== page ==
Leh Meriwether:             Okay.

Erik Broel:                        Anything else in the will is still going to stand and it'll be valid.

Leh Meriwether:             Okay.

Todd Orston:                   Okay.

Leh Meriwether:             I'm sorry I sidetracked you. I just wanted to make sure we were clear on that, because I saw a good point that people should know. All right, so we were talking about exceptions to the probate process.

Erik Broel:                        Yeah, let me add one thing to this last will discussion we had, because I think it's a good point to add it.

Todd Orston:                   Yeah, please.

Erik Broel:                        The real key is when you get remarried. If you get remarried and you have not updated your will, or your will does not say specifically, and I gotta get technical. This will is made in contemplation of a future marriage, which a lot of them don't even say that. When you get remarried, that will is basically void. Parts of it are going to be voided. Sometimes the whole thing, sometimes not the whole thing. It's gonna depend on your family situation and who the other heirs are, but effectively, that new spouse is going to get crammed into your will and will inherit under the terms of that will. Now, you can make a new will after that and say whatever you want, but a lot of folks don't know that, and so it's a surprise sometimes when a client will come in and they have this will and they think it all goes to the kids of the first marriage. Then they got married a second time after the will was created, and we have to say, "Well, no actually. A good portion of this estate is gonna go to that new spouse."

Leh Meriwether:             Okay, make sure I understand this. You've got a will and it says spouse in it, and it doesn't put the person's name. It just says spouse. You get a divorce. The person doesn't die, they get remarried, but at the time they're remarried if they were to execute or put the will through the probate process, if they died during the second marriage, the new spouse basically substitutes. They take over that [crosstalk 00:29:40].

Erik Broel:                        Yeah, not exactly. Here's what would happen. Let me give you an illustration. Husband and wife have two kids. They divorce. Husband makes a will saying I leave everything to my two kids.

Leh Meriwether:             Okay, so this is post divorce?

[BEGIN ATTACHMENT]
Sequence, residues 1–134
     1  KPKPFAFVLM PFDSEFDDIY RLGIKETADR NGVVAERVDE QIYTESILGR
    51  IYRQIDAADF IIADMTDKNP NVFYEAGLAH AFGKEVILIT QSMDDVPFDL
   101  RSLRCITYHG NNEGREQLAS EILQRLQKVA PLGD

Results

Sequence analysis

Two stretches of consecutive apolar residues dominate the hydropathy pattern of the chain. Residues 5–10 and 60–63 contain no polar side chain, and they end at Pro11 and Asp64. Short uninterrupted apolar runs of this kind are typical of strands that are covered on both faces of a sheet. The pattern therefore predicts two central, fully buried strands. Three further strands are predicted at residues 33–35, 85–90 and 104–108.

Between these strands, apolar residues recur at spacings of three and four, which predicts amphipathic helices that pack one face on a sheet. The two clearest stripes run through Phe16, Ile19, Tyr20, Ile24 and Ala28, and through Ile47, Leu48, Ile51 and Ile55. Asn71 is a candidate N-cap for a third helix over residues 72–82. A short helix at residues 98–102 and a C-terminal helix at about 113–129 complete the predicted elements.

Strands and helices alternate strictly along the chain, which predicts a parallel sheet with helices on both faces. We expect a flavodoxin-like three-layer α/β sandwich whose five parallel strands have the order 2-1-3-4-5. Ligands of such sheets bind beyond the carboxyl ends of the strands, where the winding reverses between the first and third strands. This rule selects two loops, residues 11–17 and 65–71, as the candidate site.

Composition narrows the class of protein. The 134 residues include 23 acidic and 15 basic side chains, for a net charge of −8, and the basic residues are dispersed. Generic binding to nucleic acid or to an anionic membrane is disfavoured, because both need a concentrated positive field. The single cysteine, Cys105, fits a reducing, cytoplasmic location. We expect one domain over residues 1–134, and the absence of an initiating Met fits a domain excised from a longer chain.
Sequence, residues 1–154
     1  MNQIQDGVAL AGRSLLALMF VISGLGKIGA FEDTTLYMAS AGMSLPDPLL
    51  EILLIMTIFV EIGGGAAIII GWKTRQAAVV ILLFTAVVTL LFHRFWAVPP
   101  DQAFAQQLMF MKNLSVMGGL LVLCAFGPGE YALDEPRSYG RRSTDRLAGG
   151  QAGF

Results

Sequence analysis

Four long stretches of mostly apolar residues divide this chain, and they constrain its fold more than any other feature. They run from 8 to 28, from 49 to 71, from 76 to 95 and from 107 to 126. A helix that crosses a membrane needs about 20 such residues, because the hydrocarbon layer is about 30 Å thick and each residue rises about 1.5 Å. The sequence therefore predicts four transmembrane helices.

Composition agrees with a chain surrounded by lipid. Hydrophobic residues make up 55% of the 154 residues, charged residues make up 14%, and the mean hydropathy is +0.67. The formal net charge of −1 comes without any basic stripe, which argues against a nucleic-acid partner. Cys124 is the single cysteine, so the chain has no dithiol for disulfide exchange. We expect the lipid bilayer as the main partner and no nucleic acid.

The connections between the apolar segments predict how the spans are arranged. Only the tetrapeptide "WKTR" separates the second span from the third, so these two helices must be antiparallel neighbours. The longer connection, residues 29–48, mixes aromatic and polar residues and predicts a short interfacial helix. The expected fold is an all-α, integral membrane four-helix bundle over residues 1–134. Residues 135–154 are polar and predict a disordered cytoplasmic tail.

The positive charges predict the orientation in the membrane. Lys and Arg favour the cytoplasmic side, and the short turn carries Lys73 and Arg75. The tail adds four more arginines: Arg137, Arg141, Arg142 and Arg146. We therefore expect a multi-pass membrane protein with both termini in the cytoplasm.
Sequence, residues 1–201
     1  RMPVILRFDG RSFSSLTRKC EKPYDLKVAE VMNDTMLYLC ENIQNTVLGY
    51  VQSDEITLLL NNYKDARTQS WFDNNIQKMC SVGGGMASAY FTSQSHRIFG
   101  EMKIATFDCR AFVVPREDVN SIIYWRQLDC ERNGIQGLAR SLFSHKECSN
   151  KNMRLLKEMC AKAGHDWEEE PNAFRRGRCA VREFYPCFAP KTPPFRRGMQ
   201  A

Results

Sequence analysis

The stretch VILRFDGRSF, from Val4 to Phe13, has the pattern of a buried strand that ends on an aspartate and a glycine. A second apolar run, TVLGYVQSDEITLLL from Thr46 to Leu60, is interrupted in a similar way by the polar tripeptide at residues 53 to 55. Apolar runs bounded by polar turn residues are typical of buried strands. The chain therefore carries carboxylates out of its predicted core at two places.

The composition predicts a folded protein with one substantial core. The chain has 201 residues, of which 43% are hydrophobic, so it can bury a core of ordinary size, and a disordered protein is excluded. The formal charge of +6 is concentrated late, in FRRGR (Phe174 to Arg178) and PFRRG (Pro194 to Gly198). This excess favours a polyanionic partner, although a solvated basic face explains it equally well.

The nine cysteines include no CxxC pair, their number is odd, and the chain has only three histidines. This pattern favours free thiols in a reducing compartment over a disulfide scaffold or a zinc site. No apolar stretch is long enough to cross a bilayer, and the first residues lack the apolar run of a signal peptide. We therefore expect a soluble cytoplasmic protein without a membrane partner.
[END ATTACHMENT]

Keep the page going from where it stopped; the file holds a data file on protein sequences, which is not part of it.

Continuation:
Erik Broel:                        Yeah, post divorce. Husband then gets remarried. Doesn't even think about his will. Doesn't even enter his mind, just gets remarried. Then he passes away a couple years later. New wife is not mentioned in that will, only the kids.

Todd Orston:                   Right.

Erik Broel:                        New wife is gonna be able to step in and say, "This will is gonna get altered as a matter of law. I now am entitled to what I would get as if there were no will, what we call intestate, or a not will situation.

Todd Orston:                   Oh.

Leh Meriwether:             Okay.

Erik Broel:                        New wife now can step in and say, "Well, I'm gonna get a third of this", and these two kids, they're gonna split the other two third, because she wasn't mentioned in the will and the will didn't say it was made in contemplation of him getting remarried at some point in the future.

Leh Meriwether:             Ah, okay.

Todd Orston:                   Let me build on that just for a second. Let's say you have that will. It doesn't mention the new wife. Let's say you get married on January 1st. January 2nd, if you went into your attorney's office, you prepared the will and said, "I want the exact same will that was prepared and I executed before I got married, I want to sign another copy of that. It doesn't mention my new wife, but it was executed after I married my new wife." Does it carry any different weight? Do you know what I'm saying?

Erik Broel:                        Yeah, I do know what you're saying and yeah, it's a funny example, but yeah, that's how it works. If you go in the day after the marriage and you sign a brand new will and it says, "I leave everything to my two kids."

Todd Orston:                   It's assumed to have been contemplated that there is that new spouse.

Erik Broel:                        Yeah, absolutely.

Todd Orston:                   Ah, fascinating.

Leh Meriwether:             All right, let's ... We've probably thrown you way off. I don't even remember what the exceptions, all of them were.

Todd Orston:                   Oh yeah. We were talking about probate property right?

Erik Broel:                        Yeah, this whole idea that all property is probate property, unless there's an exception. Our exceptions are a beneficiary account, a retirement account that has been a beneficiary designation, life insurance, or joint property that would go to another spouse. What Todd had asked initially, was you were asking me about what happens with this really big estate, and is it possible to disinherit your spouse? The answer is yes. You could, if all of the property was in his name only, and in fact this is what happened in my aunt's situation. All of this stuff was in my uncle's name. Very kind of traditional set up. My aunt didn't technically legally own anything, meaning her name was not on title to anything. He had a couple of kids from a prior marriage and that is what wound up forcing all of this to an estate sale.